Well, there could be if you visit Hall Winery, in St. Helena, and stand in the vineyard, admiring a 3.5-ton, stainless steel sculpture called “Bunny Foo Foo.”
The sculpture is only part of what’s new at Hall, which dazzles guests with its modern, new Visitors’ Center, staffed by extremely friendly wine folk.
“Bunny Foo Foo,” designed and crafted by British artist Lawrence Argent, was commissioned and named by winery owner Kathryn Hall who used to read a poem of the same name to her children, David and Jennifer, at bedtime.
(Bunny Foo Foo was a rabbit who hopped through the forest, scooping up field mice, bopping them on the head.)
Today, the 35-foot-tall, shiny, Swiss-cheese-aerated, Bunny Foo Foo is an object of beauty - as is the visitor center and the wines showcased inside it.
The new Hall Visitor Center.
I can’t recall having been so impressed by a winery upgrade in Napa Valley in years. The Halls have knocked this one out of the park and I will insist that friends who visit over the next year add Hall winery, in St. Helena, to their MUST-DO list.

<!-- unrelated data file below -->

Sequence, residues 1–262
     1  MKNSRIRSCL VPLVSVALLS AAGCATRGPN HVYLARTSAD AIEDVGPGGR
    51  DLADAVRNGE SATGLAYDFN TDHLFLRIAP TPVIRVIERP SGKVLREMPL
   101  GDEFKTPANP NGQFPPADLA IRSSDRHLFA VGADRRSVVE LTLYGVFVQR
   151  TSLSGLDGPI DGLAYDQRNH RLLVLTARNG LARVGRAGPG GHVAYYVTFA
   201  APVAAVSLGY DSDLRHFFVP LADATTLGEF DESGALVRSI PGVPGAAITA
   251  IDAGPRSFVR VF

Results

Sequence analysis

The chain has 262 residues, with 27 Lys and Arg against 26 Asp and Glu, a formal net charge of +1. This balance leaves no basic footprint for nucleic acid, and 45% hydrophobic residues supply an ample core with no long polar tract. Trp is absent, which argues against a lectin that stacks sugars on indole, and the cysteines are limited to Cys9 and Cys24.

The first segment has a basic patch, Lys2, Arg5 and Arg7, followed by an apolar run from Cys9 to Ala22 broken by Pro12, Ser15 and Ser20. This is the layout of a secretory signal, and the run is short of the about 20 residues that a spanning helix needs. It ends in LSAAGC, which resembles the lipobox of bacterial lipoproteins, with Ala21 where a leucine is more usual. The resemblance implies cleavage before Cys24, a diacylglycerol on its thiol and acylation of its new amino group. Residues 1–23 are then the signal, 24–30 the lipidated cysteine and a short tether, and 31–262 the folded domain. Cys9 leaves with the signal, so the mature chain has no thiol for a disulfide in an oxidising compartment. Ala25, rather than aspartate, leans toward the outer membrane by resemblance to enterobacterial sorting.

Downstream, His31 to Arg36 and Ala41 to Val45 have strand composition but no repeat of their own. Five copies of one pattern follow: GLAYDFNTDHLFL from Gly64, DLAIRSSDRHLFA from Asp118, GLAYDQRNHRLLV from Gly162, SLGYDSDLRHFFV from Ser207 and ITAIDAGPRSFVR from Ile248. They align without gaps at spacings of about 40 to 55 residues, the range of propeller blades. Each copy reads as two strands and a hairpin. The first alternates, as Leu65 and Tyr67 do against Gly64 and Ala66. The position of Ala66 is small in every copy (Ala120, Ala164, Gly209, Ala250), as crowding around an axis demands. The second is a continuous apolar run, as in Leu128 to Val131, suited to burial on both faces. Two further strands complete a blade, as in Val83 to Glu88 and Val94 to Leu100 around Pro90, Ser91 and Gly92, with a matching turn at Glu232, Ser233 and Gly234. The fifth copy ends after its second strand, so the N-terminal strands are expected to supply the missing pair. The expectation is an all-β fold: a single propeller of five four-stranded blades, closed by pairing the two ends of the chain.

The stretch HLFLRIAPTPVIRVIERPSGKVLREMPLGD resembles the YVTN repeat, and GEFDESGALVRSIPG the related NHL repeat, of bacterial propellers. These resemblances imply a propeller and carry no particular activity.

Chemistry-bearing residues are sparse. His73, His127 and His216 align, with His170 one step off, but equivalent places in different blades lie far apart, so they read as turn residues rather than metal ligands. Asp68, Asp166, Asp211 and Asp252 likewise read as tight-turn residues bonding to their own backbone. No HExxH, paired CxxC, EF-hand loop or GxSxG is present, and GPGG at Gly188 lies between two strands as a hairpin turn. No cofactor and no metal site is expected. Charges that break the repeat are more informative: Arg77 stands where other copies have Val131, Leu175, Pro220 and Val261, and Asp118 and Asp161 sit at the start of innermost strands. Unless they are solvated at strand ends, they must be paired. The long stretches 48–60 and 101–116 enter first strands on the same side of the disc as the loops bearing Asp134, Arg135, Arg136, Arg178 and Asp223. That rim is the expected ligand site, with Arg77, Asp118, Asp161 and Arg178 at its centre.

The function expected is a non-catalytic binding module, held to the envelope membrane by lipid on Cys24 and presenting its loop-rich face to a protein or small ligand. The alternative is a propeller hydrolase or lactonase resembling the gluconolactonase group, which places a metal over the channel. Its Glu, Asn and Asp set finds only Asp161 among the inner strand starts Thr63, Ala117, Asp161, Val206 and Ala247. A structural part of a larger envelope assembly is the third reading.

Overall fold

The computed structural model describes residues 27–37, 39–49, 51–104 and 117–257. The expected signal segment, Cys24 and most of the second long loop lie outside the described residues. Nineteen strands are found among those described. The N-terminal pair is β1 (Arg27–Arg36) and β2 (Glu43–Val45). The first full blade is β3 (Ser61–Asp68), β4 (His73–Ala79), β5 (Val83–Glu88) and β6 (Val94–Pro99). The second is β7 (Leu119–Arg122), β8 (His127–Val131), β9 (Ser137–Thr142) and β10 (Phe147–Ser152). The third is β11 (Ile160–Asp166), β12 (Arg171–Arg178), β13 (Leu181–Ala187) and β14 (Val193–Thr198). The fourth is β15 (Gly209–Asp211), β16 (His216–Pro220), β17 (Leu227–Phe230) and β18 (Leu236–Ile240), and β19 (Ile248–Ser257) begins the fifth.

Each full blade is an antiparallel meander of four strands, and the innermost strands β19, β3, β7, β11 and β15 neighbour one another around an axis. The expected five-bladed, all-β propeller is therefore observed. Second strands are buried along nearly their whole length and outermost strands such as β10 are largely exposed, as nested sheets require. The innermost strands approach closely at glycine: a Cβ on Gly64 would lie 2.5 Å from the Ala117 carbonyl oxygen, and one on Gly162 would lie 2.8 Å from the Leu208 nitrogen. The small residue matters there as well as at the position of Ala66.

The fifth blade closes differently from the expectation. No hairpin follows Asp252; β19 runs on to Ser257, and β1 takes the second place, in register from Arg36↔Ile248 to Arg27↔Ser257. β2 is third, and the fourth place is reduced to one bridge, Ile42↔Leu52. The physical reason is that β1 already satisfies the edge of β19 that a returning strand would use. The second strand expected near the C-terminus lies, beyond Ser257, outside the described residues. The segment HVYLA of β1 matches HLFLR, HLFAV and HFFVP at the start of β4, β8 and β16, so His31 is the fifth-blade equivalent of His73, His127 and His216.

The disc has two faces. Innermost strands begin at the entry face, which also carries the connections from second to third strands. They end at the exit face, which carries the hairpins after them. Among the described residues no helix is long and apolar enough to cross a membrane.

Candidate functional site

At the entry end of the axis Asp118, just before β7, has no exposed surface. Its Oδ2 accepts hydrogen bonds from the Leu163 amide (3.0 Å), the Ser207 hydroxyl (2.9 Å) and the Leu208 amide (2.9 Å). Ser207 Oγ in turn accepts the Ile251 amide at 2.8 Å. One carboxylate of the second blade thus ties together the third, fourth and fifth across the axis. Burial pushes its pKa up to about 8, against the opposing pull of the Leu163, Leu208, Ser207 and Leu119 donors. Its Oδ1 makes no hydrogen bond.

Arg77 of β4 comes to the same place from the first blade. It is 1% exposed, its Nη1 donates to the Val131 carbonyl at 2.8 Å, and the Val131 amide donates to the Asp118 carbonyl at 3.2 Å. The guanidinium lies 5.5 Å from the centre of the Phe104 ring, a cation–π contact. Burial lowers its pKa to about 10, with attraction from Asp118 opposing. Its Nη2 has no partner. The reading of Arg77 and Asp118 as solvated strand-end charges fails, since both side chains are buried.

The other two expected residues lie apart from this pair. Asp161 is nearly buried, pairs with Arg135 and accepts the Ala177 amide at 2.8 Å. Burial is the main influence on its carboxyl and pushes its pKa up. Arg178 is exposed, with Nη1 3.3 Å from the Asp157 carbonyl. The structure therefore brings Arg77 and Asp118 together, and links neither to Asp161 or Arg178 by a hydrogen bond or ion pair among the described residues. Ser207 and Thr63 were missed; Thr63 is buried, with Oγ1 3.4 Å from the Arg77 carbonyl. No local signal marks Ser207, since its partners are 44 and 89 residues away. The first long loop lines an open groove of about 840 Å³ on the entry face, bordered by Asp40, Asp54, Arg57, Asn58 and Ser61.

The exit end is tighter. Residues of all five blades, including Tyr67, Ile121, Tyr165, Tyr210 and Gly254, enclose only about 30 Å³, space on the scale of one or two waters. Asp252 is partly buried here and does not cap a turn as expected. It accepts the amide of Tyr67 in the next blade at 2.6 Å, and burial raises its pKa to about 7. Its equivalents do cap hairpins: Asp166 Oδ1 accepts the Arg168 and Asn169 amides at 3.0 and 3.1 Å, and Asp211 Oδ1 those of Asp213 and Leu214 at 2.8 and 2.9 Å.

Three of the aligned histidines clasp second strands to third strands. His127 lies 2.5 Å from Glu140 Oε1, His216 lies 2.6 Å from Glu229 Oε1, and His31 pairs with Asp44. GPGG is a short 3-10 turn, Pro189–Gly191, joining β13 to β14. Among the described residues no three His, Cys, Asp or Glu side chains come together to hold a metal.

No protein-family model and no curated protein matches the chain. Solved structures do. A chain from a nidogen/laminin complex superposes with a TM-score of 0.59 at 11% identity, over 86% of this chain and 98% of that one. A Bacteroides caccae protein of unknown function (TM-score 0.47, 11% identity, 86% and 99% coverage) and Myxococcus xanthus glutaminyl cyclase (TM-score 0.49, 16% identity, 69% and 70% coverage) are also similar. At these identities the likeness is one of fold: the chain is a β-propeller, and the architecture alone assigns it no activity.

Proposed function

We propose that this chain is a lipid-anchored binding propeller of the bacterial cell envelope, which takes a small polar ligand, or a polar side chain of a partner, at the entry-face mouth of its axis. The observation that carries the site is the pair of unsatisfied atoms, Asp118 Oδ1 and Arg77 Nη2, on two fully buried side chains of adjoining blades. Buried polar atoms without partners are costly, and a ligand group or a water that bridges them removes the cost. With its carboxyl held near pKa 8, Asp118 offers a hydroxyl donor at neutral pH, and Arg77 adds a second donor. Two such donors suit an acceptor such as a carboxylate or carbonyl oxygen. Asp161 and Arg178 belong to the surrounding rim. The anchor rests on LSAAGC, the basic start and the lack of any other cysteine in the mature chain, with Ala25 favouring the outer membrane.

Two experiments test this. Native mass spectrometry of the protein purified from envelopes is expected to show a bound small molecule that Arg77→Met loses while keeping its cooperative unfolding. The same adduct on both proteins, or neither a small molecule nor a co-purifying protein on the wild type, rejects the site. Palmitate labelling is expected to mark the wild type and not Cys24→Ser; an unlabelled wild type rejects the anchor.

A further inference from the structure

(There’s also a Hall winery in Rutherford, but today, we’re strictly speaking about the St. Helena venue.)
After tasting a dozen wines, I couldn’t agree more. Crazy good...
There are as many wines to taste here as there are art installations on the property – I stopped counting at 30 of each.
The wines are glorious expressions of balance and rectitude (now THAT’s a word I haven’t seen ascribed to wine recently!). There’s a purity of production here and it shows in the glass.
I visited Hall twice this month to research this story. I scored all the Cabernets and Pinot Noirs I tasted in the mid 90s and I was gob-smacked by the 2011 red label “Kathryn Hall” Cabernet, which I scored 96 points.
On my second visit, I joined a group of Canadian businessmen for a two-hour, property tour-and-tasting led by Hall wine educator Paul Dugoni.
I liked Paul’s casual manner, and the Hall story he shared. He knowledgably answered every question posed by the group.
Paul Dugoni leads a tour through the winemaking process, encouraging guests to taste wine while learning about the winery’s colorful history.
Paul related that the Halls acquire grapes from 70 different vineyard sites to make their various branded Chardonnay, Sauvignon Blanc, Pinot Noir and Cabernet Sauvignon wines.
Paul led the group out into the vineyards to let members pluck ripe Cabernet Sauvignon from the vines to learn about grape ripeness.
But first, a word about the art...